However, it is a fact that we now have in the United States probably the most right-wing Administration since the end of the Second World War. I think we have associated ourselves too closely with that Administration. Having done so, therefore, it was in a sense inevitable that the Prime Minister would find himself between the rock and the hard place, and I can understand the reasons why he has worked so hard to try to avoid that position.
I see that I have used my eight minutes. In conclusion, I recognise that once the war is over—I do not believe it will take long, although perhaps it will take rather longer than many armchair generals think—there will be the task of reconstruction. Not only will it involve the reconstruction of Iraq—although that will be difficult enough—there will have to be some reconstruction of the United Nations. Frankly, the idea that, in these circumstances, the British and Americans are upholding the charter is fanciful. There will have to be a reconstruction of the Anglo-American relationship and serious consideration will have to be given to the way in which the transatlantic relationship between Europe and the United States of America is going.
I do not quite know how we got into this position, but my goodness, it is as difficult a position as this country has been in for years.
My Lords, I often follow the noble Lord, Lord Richard, in debates of this kind, of which today's is likely to be the last. Perhaps I may query one point he made. I would be surprised if Robin Cook, as Leader of the House in another place for the past two years, had actually been privy to the most secret intelligence documents. I may be wrong, but I noticed the great credence placed on that in the noble Lord's remarks. I am not sure of its accuracy.
The noble Lord, Lord Richard, talked of the absolutely unprecedented nature of any possible invasion of another country as though we were starting from this point. We are talking about a country which invaded its neighbour. It became the subject of a series of United Nations Security Council resolutions telling it to get out, which it did not do until it was thrown out. It was told to disarm, which it has not done, even though a series of resolutions—all passed unanimously—required that. At the present time, far from being an ordinary country in the world, we have refused Iraq permission to fly in the northern no fly zone and we are currently bombing the southern area to try to protect some of the population, namely, the Marsh Arabs, as well as to provide further protection in the area.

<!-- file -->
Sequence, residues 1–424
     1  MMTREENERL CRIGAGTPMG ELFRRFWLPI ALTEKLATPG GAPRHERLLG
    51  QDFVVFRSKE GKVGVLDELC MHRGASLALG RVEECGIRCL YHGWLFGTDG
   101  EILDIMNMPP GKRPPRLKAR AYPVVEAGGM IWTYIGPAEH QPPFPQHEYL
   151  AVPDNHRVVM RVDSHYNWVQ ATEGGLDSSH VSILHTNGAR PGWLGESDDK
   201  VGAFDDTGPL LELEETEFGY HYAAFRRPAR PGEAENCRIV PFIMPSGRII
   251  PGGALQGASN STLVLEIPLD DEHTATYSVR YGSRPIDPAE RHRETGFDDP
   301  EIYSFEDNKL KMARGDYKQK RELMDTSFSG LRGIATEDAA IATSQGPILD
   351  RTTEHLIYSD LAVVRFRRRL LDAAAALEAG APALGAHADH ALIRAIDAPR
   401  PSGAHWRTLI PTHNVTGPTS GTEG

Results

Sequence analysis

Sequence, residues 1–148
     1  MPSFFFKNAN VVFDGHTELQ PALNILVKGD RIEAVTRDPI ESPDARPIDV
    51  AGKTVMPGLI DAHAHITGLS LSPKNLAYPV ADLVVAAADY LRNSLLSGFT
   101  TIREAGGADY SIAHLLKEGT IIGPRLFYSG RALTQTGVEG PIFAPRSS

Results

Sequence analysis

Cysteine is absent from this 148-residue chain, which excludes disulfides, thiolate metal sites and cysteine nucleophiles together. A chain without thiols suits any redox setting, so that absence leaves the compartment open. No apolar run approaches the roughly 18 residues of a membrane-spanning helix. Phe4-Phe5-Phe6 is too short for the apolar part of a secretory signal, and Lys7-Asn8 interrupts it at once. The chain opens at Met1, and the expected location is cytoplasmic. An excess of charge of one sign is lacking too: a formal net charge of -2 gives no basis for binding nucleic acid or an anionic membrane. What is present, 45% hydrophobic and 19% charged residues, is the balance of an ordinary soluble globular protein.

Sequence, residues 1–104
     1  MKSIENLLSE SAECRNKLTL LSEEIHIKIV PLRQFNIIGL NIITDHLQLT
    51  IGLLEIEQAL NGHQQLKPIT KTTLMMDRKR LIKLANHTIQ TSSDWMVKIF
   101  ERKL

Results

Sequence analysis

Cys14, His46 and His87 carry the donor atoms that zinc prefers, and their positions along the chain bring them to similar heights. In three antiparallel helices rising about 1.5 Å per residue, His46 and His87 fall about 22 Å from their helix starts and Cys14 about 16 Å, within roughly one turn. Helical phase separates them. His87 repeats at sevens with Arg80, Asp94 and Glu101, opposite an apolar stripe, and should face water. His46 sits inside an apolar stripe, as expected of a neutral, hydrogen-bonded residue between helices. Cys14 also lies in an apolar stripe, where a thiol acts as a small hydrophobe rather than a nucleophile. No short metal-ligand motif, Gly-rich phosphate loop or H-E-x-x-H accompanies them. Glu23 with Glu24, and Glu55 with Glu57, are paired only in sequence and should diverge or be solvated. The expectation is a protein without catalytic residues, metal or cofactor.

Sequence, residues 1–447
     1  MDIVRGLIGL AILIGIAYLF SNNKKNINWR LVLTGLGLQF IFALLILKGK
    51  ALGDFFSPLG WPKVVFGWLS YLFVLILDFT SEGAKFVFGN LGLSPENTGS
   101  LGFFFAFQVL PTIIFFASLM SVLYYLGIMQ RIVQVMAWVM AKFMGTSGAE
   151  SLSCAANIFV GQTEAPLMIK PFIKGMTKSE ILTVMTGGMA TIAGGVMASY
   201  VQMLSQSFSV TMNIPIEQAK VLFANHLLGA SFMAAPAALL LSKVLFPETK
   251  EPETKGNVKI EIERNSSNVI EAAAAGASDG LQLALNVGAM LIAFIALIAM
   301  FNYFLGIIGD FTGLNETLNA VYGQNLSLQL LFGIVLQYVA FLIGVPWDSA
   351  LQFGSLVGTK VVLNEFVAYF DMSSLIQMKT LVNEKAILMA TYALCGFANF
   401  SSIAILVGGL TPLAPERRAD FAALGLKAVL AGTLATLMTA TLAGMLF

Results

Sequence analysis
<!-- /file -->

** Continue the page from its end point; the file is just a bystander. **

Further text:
However, I agree with the noble Lord, Lord Richard, about the contrast with the two wars in which I have been involved during my time in Parliament, namely, the Falklands and the Gulf War. Certainly there was a much clearer message. To that end I sympathise with the noble Lord, Lord Wright of Richmond, who complained that the messages seem muddled and the ground changed. If the Prime Minister had made earlier the speech he delivered so clearly today, it might have been very helpful. At the moment we can see the consequences of those muddled messages in the opinion polls, on the streets and in the worries and uncertainties among our Armed Forces where, for the first time, there is some uncertainty as to whether they have behind them the full confidence of the country. I agree with the noble and gallant Lord, Lord Bramall, that it is extremely important to ensure that when our forces go into action, they must know that they have our fullest support.
I feel a sense of responsibility in one respect. I was there when the first resolution was passed through the United Nations requiring the disarmament of Iraq—and we got some action. We got some action because it was a part of the ceasefire and because the credible military threat was all too evident. Saddam Hussein did not need to be told that there was a credible threat because three-quarters of a million allied forces were on his border at full readiness to respond to any attempt to re-invade Kuwait or any other action. That force backed up the resolution made at that time.
As the Leader of the House and the Prime Minister in another place made clear, we can almost correlate the progress on disarmament over the past 12 years against the periods when there was a credible military force. The moment that deterrent lapsed, there was inaction from Saddam Hussein and a determination to avoid fulfilling his responsibilities.